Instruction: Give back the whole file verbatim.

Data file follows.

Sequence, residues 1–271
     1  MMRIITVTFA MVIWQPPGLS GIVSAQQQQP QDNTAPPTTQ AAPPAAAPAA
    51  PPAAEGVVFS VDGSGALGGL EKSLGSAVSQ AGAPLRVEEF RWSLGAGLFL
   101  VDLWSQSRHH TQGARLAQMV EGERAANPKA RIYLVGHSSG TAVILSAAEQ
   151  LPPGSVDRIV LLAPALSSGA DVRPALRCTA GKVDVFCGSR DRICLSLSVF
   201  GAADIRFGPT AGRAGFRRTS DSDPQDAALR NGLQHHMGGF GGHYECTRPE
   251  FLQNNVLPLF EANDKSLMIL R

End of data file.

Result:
Sequence, residues 1–271
     1  MMRIITVTFA MVIWQPPGLS GIVSAQQQQP QDNTAPPTTQ AAPPAAAPAA
    51  PPAAEGVVFS VDGSGALGGL EKSLGSAVSQ AGAPLRVEEF RWSLGAGLFL
   101  VDLWSQSRHH TQGARLAQMV EGERAANPKA RIYLVGHSSG TAVILSAAEQ
   151  LPPGSVDRIV LLAPALSSGA DVRPALRCTA GKVDVFCGSR DRICLSLSVF
   201  GAADIRFGPT AGRAGFRRTS DSDPQDAALR NGLQHHMGGF GGHYECTRPE
   251  FLQNNVLPLF EANDKSLMIL R